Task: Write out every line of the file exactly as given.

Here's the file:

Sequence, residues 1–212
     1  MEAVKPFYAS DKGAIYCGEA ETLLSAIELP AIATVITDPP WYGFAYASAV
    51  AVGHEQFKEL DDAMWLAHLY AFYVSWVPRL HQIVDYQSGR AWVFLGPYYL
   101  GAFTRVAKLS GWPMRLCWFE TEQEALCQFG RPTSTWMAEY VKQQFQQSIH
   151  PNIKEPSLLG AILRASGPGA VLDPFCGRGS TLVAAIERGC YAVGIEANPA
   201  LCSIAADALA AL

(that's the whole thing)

Sequence, residues 1–212
     1  MEAVKPFYAS DKGAIYCGEA ETLLSAIELP AIATVITDPP WYGFAYASAV
    51  AVGHEQFKEL DDAMWLAHLY AFYVSWVPRL HQIVDYQSGR AWVFLGPYYL
   101  GAFTRVAKLS GWPMRLCWFE TEQEALCQFG RPTSTWMAEY VKQQFQQSIH
   151  PNIKEPSLLG AILRASGPGA VLDPFCGRGS TLVAAIERGC YAVGIEANPA
   201  LCSIAADALA AL